When Betting On Yourself Goes Wrong — Here's How Much Money Dennis Schroder Just Lost

By on August 11, 2021 in ArticlesSports News

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After a wild NBA season, it's only fitting we'd have an equally wild free agency period. We've already seen a bevy of players switch teams, whether in new signings or in sign-and-trade deals. Steph Curry and Chris Paul signed extensions that put them in rarified air, only for Kevin Durant to join the party right after winning a gold medal.

But among all these moves, there was one player who didn't fare as well as he hoped.

Back in March, The New York Times' Marc Stein shared that Dennis Schroder turned down a contract extension from the Los Angeles Lakers. The deal was worth about $80 million over four years; ESPN's Brian Windhorst said it could be worth even $84 million

Sean Gardner/Getty Images

At the time, Schroder's largest contract had been a four-year, $70 million deal he signed with the Atlanta Hawks. He had ended up with the Oklahoma City Thunder after signing that deal. After the Lakers won the 2020 NBA championship, they traded for Schroder to try and bolster their shooting.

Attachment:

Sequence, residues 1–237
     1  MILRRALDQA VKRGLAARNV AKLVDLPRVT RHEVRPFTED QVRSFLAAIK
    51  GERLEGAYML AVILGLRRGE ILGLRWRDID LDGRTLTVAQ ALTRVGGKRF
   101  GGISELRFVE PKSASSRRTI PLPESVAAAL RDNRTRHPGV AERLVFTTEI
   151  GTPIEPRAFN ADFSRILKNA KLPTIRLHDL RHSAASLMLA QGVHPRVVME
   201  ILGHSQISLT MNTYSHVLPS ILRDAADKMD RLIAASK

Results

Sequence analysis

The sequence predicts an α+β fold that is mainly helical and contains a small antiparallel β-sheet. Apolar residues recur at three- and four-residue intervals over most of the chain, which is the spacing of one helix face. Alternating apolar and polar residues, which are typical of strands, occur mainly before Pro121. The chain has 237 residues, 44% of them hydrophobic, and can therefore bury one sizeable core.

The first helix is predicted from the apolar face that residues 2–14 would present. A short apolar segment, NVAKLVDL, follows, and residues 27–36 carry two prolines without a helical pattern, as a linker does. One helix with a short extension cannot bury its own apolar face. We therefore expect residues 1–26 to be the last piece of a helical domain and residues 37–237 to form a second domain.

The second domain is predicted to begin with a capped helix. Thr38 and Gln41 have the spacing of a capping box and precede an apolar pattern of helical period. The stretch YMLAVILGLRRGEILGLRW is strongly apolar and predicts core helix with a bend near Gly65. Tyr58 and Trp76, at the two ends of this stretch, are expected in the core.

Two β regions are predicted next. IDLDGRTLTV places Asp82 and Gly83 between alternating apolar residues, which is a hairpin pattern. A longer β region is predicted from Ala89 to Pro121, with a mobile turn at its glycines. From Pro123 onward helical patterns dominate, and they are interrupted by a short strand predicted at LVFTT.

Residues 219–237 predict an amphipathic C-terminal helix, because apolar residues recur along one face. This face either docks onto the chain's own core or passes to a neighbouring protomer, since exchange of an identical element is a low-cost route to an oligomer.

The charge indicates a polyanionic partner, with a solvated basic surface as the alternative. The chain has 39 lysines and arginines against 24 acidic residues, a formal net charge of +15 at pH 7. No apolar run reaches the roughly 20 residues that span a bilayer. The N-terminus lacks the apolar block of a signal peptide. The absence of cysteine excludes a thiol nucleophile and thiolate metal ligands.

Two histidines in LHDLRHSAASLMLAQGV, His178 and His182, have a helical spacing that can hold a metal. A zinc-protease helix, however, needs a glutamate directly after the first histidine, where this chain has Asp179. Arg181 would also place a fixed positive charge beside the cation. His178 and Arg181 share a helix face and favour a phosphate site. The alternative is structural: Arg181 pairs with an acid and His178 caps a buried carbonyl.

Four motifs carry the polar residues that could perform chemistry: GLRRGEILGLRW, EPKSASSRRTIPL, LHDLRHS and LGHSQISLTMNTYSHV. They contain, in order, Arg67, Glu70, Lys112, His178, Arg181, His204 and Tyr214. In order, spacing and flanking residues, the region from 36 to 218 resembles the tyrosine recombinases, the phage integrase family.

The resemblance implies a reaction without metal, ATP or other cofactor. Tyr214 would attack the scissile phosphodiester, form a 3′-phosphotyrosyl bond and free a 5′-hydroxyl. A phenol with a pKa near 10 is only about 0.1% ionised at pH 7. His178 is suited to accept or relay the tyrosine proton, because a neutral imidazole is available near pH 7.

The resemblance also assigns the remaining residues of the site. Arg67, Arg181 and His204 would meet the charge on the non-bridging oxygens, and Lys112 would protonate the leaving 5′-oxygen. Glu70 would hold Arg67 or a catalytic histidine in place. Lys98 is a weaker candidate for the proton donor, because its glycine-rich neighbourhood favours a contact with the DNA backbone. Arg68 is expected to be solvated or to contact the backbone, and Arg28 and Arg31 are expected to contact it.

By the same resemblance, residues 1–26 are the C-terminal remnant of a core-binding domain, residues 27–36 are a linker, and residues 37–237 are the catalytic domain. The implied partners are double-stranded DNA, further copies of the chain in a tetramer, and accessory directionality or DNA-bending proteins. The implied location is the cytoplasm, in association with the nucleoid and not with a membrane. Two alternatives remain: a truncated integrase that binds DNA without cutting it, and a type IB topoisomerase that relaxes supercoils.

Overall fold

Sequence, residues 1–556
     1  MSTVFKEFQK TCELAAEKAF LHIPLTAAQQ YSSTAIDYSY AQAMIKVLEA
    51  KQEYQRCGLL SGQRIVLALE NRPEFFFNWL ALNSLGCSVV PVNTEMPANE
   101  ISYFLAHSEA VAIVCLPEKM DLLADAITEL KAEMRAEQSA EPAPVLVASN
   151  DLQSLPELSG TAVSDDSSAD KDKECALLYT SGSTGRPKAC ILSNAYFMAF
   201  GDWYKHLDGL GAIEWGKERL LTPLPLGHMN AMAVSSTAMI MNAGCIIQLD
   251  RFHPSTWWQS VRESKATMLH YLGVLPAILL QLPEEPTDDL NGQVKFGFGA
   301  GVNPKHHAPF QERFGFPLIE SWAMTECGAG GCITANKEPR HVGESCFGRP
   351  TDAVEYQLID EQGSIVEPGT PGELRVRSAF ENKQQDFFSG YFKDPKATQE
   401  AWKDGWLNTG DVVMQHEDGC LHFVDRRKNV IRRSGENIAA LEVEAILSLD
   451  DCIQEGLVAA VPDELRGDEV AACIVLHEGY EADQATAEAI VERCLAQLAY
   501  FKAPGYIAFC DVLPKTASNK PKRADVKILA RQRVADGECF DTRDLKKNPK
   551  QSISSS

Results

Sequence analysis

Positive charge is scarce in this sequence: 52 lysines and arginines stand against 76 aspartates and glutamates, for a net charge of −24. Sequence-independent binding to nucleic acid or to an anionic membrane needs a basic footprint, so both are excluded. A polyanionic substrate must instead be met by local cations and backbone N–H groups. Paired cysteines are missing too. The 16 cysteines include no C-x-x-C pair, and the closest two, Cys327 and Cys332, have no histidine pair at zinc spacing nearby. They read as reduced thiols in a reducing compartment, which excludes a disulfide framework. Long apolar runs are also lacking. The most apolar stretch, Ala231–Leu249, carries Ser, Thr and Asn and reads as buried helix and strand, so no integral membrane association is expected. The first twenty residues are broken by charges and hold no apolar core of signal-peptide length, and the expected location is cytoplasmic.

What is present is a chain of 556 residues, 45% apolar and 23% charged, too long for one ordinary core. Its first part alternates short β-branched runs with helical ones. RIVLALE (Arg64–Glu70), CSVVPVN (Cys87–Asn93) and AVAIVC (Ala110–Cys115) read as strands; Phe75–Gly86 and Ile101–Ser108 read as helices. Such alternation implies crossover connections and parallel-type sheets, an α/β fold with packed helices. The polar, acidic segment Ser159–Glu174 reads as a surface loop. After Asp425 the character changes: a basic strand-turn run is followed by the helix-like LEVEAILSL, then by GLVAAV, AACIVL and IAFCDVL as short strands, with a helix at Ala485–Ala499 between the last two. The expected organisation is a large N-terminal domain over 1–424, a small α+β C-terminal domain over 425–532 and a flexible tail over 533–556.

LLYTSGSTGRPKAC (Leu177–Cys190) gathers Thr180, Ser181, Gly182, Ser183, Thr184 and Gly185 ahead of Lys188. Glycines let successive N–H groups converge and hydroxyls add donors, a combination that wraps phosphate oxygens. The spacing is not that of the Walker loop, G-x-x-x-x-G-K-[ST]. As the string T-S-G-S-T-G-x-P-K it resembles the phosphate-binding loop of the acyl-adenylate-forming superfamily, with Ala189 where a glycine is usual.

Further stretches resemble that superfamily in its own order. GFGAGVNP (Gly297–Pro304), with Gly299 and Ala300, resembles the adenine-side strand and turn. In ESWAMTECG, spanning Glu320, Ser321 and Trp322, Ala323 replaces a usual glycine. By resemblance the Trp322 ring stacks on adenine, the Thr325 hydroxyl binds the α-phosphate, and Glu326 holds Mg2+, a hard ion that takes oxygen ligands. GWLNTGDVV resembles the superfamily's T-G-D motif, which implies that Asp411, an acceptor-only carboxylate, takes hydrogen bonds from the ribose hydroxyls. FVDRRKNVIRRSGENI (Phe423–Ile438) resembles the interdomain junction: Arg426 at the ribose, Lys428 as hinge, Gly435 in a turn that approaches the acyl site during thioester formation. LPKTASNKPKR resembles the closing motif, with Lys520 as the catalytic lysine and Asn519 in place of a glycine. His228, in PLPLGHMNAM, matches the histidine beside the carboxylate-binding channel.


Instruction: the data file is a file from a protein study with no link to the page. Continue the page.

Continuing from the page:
Instead, Schroder saw his points per game, field goal shooting, and three-point shooting all drop fairly significantly. He played even more poorly in the playoffs but still felt confident he could get a big deal in free agency.

There was just one problem: that never happened. And after teams made other moves, ESPN's Adrian Wojnarowski reported Schroder has agreed to sign with the Boston Celtics. His deal is worth $5.9 million, the taxpayer midlevel exception. Schroder was hoping to get at least the full $9.5 million midlevel exception, but that move would hard cap the Celtics, so they aren't doing it.

That means Schroder left $74 to $78 million on the table. It's perhaps the wildest example of betting on oneself backfiring — and Schroder is reportedly "in a state of shock," according to a league source

Schroder is only 27 years old. It's possible he turns things around in Boston and finds himself a major deal next summer. But this year is one he'd like to forget.

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